READ PART 1, PART 2 AND PART 3.
On our fourth day in Chile, we started our day in a sector called Tomenelo to check out Elena Pantaleoni's Chilean side project.
It was fiercely guarded by the terrifying watch dog Chip.
All in all, 27 hectares of vines are planted mostly in Carmenere and Cabernet Sauvignon. Way back in 2007 and 2008, Louis-Antoine actually made a Clos Ouvert wine from this vineyard.
The 2007 we tried later that night was tasty!
While on the road, LA explained that at this point in time, he is working purely on a négociant model, purchasing fruit at an unheard of 3 times the market rate. However, he is more directly involved than most négociants with many of the parcels' viticulture, participating in pruning, green harvesting and picking. For plowing and day to day work, he trusts his suppliers.
"Everything is so spread out. I can't be everywhere at once."
Before setting out to discover more vines, we decided to visit LA's friend Lucien.
Lucien, a jolly guy in his 70's, is originally from Savoie. Around 30 years ago, he got sick of France, so he built a wood boat and sailed it to Chile. Since he's clearly good at building things, he founded a wood shop that makes some truly unique, beautiful pieces.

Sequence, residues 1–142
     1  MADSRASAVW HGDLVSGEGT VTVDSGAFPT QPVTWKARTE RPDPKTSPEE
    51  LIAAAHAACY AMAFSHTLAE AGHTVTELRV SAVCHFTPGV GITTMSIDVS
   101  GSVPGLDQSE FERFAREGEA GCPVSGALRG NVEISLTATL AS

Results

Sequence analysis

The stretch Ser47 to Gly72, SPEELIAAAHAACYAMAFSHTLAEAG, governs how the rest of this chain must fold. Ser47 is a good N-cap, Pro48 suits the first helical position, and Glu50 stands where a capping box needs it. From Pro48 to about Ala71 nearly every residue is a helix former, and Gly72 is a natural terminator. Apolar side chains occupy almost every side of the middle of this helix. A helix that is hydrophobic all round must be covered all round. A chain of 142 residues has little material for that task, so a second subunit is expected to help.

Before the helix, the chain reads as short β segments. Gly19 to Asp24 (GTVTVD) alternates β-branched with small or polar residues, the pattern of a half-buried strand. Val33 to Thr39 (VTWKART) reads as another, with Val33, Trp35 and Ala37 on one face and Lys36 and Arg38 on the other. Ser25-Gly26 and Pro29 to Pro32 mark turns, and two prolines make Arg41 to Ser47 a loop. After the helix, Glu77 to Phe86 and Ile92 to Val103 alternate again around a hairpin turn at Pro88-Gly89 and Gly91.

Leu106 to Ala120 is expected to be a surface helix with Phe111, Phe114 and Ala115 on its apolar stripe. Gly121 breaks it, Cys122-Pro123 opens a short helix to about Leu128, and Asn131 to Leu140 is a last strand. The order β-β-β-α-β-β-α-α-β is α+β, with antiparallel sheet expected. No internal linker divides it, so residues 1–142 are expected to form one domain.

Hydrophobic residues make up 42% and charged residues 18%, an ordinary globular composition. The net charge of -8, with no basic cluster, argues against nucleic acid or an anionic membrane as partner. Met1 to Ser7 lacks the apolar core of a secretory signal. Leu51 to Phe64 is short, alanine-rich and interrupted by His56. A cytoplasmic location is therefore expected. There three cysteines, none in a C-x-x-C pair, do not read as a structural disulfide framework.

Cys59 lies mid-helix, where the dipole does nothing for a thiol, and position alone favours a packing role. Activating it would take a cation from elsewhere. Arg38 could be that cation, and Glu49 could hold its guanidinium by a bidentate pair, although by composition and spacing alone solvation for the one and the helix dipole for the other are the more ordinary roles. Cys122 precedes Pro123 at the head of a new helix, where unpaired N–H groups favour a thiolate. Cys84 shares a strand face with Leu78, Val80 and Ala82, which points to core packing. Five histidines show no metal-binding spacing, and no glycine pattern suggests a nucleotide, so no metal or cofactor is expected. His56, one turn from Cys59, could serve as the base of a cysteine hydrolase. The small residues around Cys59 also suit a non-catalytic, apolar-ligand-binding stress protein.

Everything is hand-made. Thin slices of wood are carved, pressed together, then polished and touched up.
He also still makes boats.
It was a quick visit, and Lucien was very disappointed we hadn't brought a bottle to drink.
"That's the modern world. Always on your way somewhere else. Always late."
For the record, it was 10 in the morning. And yes, we were late. Late to check out the stunning vineyards that produce:
After some dirt road action, LA stopped in the woods and told us we'd have to do the rest of the trip by foot.
It had been raining, so the ground was quite slippery.
"Even under better circumstances, it is impossible to get here with a car. During harvest we use an ox cart to bring the grapes back up."
During our walk, LA pointed out an exposed patch of rocks that revealed Pilen's subsoils:
We'd seen a lot of red clay already, but Pilen is particularly marked by iron.
After a solid 15 minute walk, we arrived to the first of 3 parcels of 200 year old Paìs.
The soils here are red granite, red clay and schist. At 580 meters of elevation, Pilen is truly a mountain vineyard.
Here are pictures from the equally beautiful second parcel.
These two parcels belong to a young man named Leonel Diaz.
He lives with his parents in one of the only two houses in the immediate vicinity (the town is a 20 minute walk away).
Leonel owns a lagar that he uses occasionally to make Pipeño.
And this tinaja (amphora), though it doesn't seem to be getting much use these days...
From Leonel's we took a short walk to the only other house in the vicinity.
There, we were greeted by the lovely Margarita Leon.
Margarita was very busy! First off, she was making food for her dogs.
This little guy was patiently waiting for his meal while sitting on a big bag.
Then she had to check on her tinaja to give her Pipeño a nice stirring.
And what about ALL THOSE CHICKENS????
But most importantly, Margarita was working on her main hustle, making hand-made plates and bowls from Pilen's abundant red clay.